The initiative envisages to allow only the use of biodegradable material, in order to reduce the damage to second largest barrier reef in the world, the Mesoamerican coral reef, which runs along the Bay Islands of Honduras.
Biodegradable packagings are those that have the characteristics to decompose into more basic elements, usually by the action of bacteria, fungi and other simple organisms.
According to statistics cited by Congressman Fiallos, between 60 and 80 percent of the water contamination is from plastics. These, generally speaking, are not biodegradable, and once in the ocean, begin to deteriorate, but never disintegrate completely. Many cases of turtles suffocating on bottle tops have been documented, whales that confuse bags with squid, and birds ingesting small plastic pellets as if they were fish eggs, Fiallos explained.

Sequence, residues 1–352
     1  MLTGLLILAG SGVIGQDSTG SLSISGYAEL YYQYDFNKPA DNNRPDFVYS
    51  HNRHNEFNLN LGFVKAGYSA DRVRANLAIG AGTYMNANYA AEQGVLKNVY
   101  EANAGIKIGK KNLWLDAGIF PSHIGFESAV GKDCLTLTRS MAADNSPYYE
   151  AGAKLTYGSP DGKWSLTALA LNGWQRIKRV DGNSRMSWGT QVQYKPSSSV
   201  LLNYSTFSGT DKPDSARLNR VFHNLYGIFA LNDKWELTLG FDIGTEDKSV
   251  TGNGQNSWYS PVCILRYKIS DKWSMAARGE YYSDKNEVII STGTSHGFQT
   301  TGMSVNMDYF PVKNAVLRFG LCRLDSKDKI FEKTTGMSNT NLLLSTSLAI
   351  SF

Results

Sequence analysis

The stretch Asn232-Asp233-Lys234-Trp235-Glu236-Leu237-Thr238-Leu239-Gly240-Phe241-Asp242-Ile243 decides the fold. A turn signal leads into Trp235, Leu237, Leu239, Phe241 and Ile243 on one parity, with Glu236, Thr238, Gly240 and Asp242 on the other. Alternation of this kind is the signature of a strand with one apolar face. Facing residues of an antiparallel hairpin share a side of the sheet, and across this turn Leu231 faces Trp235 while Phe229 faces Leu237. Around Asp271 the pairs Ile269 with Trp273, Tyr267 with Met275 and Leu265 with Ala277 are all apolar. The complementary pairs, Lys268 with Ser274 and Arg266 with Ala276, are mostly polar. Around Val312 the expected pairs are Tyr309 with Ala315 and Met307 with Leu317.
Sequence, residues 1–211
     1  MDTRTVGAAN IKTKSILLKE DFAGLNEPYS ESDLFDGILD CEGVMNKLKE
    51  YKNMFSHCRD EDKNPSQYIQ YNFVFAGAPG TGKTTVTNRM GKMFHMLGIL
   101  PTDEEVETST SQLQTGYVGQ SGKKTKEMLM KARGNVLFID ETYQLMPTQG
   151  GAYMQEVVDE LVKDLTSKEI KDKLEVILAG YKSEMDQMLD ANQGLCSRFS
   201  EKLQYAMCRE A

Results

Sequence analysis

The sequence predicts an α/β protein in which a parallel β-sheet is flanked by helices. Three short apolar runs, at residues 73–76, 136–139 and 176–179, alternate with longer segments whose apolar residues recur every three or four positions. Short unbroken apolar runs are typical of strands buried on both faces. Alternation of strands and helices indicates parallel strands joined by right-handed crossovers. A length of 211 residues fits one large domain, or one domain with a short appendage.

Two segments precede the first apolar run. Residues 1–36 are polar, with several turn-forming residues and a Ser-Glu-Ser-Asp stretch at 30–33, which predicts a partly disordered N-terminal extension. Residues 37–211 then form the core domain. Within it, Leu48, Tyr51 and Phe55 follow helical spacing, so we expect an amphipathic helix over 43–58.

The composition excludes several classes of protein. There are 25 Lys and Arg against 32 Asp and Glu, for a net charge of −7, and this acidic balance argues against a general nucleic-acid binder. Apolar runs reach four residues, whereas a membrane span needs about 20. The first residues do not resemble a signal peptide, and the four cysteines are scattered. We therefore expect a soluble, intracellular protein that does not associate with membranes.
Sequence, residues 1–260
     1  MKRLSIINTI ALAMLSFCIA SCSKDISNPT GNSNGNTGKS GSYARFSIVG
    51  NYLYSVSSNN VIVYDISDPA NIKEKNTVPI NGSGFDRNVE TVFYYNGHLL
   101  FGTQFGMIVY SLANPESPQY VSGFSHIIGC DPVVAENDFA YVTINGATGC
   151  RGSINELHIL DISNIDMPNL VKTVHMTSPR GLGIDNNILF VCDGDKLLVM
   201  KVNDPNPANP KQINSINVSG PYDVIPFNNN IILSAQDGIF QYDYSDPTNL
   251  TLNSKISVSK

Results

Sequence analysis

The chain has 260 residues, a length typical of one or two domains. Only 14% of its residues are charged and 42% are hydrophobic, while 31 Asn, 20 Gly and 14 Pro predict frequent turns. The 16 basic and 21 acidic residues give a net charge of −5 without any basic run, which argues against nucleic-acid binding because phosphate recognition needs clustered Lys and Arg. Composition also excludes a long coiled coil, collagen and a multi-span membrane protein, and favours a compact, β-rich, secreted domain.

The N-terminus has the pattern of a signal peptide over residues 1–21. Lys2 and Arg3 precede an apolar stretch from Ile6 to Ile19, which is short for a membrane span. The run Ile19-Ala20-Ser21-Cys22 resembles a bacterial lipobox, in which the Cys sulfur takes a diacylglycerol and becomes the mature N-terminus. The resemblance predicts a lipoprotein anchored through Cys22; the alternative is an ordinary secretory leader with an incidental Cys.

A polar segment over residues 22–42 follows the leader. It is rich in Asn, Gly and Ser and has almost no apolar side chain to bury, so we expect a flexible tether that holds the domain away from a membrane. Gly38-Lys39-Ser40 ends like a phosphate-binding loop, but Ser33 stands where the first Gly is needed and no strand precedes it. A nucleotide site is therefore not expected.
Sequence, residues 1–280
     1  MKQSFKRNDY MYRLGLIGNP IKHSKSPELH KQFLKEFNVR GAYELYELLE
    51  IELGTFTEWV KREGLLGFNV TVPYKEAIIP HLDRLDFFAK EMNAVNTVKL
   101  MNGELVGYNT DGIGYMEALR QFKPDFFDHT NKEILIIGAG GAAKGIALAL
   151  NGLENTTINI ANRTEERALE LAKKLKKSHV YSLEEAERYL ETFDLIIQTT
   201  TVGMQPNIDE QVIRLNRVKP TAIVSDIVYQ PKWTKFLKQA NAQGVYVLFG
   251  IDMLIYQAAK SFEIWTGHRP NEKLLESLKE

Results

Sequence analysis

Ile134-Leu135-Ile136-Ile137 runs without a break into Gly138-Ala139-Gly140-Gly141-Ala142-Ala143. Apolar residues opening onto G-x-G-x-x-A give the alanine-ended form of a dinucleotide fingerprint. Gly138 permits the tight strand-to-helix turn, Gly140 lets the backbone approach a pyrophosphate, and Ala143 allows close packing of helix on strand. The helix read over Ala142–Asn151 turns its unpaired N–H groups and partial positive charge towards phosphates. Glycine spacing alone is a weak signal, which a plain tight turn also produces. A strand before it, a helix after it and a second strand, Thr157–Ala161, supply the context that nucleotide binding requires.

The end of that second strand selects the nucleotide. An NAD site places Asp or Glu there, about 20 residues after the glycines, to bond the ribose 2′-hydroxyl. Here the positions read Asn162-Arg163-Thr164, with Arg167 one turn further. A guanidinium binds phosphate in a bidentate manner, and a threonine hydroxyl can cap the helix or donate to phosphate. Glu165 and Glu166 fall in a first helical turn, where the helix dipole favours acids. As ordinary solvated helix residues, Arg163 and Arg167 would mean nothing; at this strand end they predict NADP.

The congressman stated that tourism would not be affected by this law, as a majority of tourists are European, and they understand the need to preserve life.
One Response to "Plastics May be Banned in Guanaja, Roatan and Utila"
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It is a good idea but unfourtunatley the bigger problem comes from mainland Honduras where the ocean is considered a giant dumpster once in the water it is someones problem somewhere else.Having lived on roatan for 4 years and being on the water almost daily I have seen huge flotsams of trash and it is coming from the mainland not the island